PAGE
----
22 July 2010

In Which Our Hero Ponders The Economic Principles Of Gastronomic Pleasure On Offer At The Picture House

So I went to see Toy Story 3 tonight, and it was absolutely incredible by the way, but I noticed something strange in the cinema that I have never really taken account of before: the astronomical price of everything in a cinema. Now I know that to most of you this will not come as a shock, but for me, as I thought about while the ads were playing, the exorbitant prices for cinemas and the trappings that come as part of the package, cannot really be justified.
     I will say this much, I am more than willing to pay €10 to see a film in a cinema. Were they to bring down that price, I would not complain, but as it stands a tenner to see a film as soon as possible, in a comfortable setting with near perfect audio and extremely high picture quality without having to worry about a laptop battery dying, the chance that a DVD might skip or that your film will in someway be interrupted is definitely a luxury. There's also the feeling of sharing something that you can't get with a home viewing, which is much harder to descibe here, especially for me as I find one of the cardinal sins of the universe is to speak, make noise during or otherwise disturb a filmwatcher. But it is definitely easier to find yourself lost in a film when there are more people around you to share what you are experiencing. Films in cinemas are at a pretty good rate, and I hope that's something we can agree on, people who say that an evening of entertainment for ten euro is a rip off should try and see how far that money would take them in any other form of entertainment available to the public.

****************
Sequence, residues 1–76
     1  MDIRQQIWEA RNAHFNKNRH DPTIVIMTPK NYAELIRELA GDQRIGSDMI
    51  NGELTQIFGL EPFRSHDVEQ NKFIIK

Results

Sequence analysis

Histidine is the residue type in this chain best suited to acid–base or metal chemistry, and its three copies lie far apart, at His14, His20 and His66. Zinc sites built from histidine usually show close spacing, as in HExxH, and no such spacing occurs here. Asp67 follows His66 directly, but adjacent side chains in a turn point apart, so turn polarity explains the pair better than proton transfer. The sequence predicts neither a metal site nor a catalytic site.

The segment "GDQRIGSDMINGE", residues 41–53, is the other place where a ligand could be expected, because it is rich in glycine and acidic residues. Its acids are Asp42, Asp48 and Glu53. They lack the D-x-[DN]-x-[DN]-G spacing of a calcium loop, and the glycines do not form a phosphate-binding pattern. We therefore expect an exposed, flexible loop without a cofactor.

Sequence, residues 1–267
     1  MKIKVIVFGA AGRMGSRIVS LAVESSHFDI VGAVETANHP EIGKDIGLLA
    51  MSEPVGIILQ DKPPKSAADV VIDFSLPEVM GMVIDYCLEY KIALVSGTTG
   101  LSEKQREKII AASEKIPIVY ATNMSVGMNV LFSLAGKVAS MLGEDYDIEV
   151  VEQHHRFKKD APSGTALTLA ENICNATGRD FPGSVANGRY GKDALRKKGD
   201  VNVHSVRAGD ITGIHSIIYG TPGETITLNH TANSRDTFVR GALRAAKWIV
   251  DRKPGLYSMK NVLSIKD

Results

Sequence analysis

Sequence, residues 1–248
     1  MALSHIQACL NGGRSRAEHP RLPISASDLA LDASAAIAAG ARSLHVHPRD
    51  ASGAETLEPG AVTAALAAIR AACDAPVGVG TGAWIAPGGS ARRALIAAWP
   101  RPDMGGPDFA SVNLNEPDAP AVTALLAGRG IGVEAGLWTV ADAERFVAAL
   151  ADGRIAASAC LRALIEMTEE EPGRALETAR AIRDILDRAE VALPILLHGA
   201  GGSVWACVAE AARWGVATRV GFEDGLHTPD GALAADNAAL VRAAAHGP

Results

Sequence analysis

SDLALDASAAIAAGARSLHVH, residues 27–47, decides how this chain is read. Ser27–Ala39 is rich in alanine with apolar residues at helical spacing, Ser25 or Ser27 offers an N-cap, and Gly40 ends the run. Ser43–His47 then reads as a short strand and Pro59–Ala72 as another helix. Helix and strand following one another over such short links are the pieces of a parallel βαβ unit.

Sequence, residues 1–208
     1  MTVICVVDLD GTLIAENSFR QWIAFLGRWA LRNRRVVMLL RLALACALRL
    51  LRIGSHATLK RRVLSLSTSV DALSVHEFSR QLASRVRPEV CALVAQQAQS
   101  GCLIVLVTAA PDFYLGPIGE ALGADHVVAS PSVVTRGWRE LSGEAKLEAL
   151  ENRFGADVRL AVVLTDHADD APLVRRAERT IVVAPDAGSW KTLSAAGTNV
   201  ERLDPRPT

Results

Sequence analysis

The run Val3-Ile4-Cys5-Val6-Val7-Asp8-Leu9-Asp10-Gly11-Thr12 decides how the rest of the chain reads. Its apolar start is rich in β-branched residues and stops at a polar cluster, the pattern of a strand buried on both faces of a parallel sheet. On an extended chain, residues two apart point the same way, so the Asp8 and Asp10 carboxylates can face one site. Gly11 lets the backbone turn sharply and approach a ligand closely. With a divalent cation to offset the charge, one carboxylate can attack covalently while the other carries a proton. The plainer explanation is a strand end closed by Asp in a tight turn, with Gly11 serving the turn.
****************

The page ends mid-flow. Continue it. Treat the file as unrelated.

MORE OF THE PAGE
No, the problem I have here is with the foodstuffs on offer in a cinema. Popcorn and cinema go hand-in-hand and always will, barring some freakish act of nature that either renders films useless or eradicates corn from the face of the earth. In light of that, I don't understand why cinemas insist on charging such ridiculous prices for it. It's hardly golddust, and judging by the amount of people sneaking popcorn in, they would probably make a lot more money by just reducing prices to more pocket-friendly prices. Same goes for drinks and other refreshments too, when you consider the fact that the trend is for cinemas to be parked in areas like shopping centres where cheap food is usually available in the grocery shop on the way into the building housing the cinema; the savvy shopper just won't be able to justify spending that money when in two minutes they could save themselves half the cost of a ticket, and that's not even an exaggeration.
     I love cinemas, really I do, and the one problem I have is that it is seldom I get to use them. I hope someone with the power to do something will eventually right this all-too-popular trend before the cinema as we know it falls by the wayside and is replaced completely by homesales. While they are trying to stem this shift in markets by offering 3D, I think the smarter option, especially with the advent of 3D TVs, which will eventually become cheaper, combined with TVs that will only get larger, and surround sound which will only increase in effectiveness and decrease in price become the norm in homes and all that will separate a cinema from a home cinema is the lack of a sense of community and the feeling of not being held by the ankles and shaken free of any spare change before settling in to watch a movie.